Thesis subject

Ecosystem services of central African Marantaceae forests

The Environmental Systems Analysis Group provides the possibility for students to do their thesis in collaboration with our group. This is one of many possible thesis subjects. Please feel free to contact Dr Le Clec’h (right) for more information.

The MSc thesis will be part of a broader research project that aims at studying the spatial and temporal dynamics of the central African Marantaceae forests, in order to understand the mechanisms that underpin their origin and maintenance.

The thesis will focus on a peculiar but widespread forest type, the Marantaceae forests. These forests can be found in large areas in Central Africa and have a very low density of trees with a dense understory composed of giant herbs. The few studies on Marantaceae forests suggest that they are likely to have originated from old disturbances and have been then maintained over long periods through still unknown mechanisms. Current observations suggest that human disturbances, such as logging activities, as well as climate anomalies, contribute to the rapid expansion of these degraded forests, which could have considerable consequences for local populations. However, the respective contribution of Marantaceae forests and of the surrounding dense forests to the well-being of local populations have been poorly documented. The thesis will contribute to fill this gap by documenting the ecosystem services provided by Marantaceae forests and the uses the local populations make of these forests. Questions addressed in the thesis could be:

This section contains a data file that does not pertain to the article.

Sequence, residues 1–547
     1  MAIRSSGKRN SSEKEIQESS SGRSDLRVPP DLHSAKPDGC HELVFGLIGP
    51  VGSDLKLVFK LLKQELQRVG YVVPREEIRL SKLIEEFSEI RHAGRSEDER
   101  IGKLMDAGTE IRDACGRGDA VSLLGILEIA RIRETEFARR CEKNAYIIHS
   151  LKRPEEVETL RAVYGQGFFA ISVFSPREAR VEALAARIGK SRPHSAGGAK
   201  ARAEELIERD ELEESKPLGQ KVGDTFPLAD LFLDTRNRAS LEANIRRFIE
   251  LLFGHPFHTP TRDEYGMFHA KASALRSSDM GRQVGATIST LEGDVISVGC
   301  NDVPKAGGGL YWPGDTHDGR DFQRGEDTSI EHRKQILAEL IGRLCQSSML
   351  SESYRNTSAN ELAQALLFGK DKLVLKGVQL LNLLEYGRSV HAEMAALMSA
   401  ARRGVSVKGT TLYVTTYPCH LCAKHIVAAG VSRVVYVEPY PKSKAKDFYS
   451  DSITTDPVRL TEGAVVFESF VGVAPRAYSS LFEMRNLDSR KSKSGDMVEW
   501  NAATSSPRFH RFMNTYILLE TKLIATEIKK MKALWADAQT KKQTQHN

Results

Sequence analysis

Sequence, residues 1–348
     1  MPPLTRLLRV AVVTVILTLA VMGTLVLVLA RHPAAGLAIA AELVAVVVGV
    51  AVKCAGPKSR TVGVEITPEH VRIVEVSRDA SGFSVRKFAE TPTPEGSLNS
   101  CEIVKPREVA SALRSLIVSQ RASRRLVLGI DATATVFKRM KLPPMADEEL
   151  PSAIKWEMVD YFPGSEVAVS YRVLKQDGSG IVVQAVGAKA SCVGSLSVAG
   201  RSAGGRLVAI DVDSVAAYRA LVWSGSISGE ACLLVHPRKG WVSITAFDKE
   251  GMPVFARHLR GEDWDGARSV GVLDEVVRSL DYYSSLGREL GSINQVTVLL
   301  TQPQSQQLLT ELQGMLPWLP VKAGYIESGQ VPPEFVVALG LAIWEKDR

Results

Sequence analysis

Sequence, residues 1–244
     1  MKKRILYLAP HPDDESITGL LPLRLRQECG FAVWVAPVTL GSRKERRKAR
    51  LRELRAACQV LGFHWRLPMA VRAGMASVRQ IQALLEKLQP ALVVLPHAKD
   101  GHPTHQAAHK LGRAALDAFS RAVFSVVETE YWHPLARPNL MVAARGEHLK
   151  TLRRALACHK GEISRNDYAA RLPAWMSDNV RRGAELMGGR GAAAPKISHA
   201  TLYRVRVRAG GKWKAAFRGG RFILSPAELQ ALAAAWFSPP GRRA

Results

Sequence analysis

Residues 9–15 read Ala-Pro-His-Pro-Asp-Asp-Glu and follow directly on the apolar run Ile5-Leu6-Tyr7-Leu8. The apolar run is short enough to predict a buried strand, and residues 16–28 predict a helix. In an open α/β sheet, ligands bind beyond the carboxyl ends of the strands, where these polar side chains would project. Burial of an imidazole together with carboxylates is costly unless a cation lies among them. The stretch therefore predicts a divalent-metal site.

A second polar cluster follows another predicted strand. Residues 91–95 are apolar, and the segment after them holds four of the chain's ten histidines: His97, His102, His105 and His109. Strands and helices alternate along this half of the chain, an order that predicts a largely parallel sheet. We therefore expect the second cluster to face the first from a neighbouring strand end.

• Who are the stakeholders using Marantaceae forests or involved in their management?
  • What are the uses of the Marantaceae forests by the local populations, and does these uses differ from one linguistic group to another?
  • What are the goods and services provided by Marantaceae forests?
  • What links can be made between the goods and services provided by Marantaceae forests and socioeconomic benefits and values for the local communities;
  • What are the main stresses and threats to the ecosystems that may restrain the sustained delivery of the goods and services used by the local populations?
  • What are the differences between Marantaceae and dense forests in terms of benefits for local populations?
  • What can explain changes in forest cover and type, according to the populations?
  • How have these changes affected the benefits the different populations get from dense and Marantaceae forests?
  • How diverse or heterogeneous can Marantaceae forests be, in terms of composition and their associated ecological functions, ecosystem services and uses?

To answer these questions, ethnobotanical surveys will be carry out to analyse the perceptions of Marantaceae forests by the local populations, focusing on different linguistic groups.

Ultimately this thesis will give insights on the way human interact with a very unique ecological systems and may thus lead to recommendations for forest preservation and management for a sustainable management of forest resources.

Because field work will be carried out in the North of the Republic of Congo (all associated costs will be covered by the project), candidates are expected to be fluent in French.

Starting date: t.b.d. but international travelling needs to be allowed.